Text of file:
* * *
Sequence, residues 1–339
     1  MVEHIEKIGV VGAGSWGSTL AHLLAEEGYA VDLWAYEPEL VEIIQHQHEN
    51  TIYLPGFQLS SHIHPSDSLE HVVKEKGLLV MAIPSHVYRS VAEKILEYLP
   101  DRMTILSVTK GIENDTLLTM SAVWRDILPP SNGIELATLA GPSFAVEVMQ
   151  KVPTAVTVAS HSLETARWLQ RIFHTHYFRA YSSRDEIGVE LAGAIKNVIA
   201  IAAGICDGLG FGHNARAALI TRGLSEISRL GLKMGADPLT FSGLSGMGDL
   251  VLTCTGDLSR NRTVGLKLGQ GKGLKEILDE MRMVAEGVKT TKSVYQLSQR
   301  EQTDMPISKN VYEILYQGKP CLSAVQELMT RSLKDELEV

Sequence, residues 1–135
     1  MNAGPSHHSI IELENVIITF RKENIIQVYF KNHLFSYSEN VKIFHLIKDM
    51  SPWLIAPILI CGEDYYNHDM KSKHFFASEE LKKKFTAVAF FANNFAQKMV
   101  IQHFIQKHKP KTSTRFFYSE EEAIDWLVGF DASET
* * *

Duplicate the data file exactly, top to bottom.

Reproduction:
Sequence, residues 1–339
     1  MVEHIEKIGV VGAGSWGSTL AHLLAEEGYA VDLWAYEPEL VEIIQHQHEN
    51  TIYLPGFQLS SHIHPSDSLE HVVKEKGLLV MAIPSHVYRS VAEKILEYLP
   101  DRMTILSVTK GIENDTLLTM SAVWRDILPP SNGIELATLA GPSFAVEVMQ
   151  KVPTAVTVAS HSLETARWLQ RIFHTHYFRA YSSRDEIGVE LAGAIKNVIA
   201  IAAGICDGLG FGHNARAALI TRGLSEISRL GLKMGADPLT FSGLSGMGDL
   251  VLTCTGDLSR NRTVGLKLGQ GKGLKEILDE MRMVAEGVKT TKSVYQLSQR
   301  EQTDMPISKN VYEILYQGKP CLSAVQELMT RSLKDELEV

Sequence, residues 1–135
     1  MNAGPSHHSI IELENVIITF RKENIIQVYF KNHLFSYSEN VKIFHLIKDM
    51  SPWLIAPILI CGEDYYNHDM KSKHFFASEE LKKKFTAVAF FANNFAQKMV
   101  IQHFIQKHKP KTSTRFFYSE EEAIDWLVGF DASET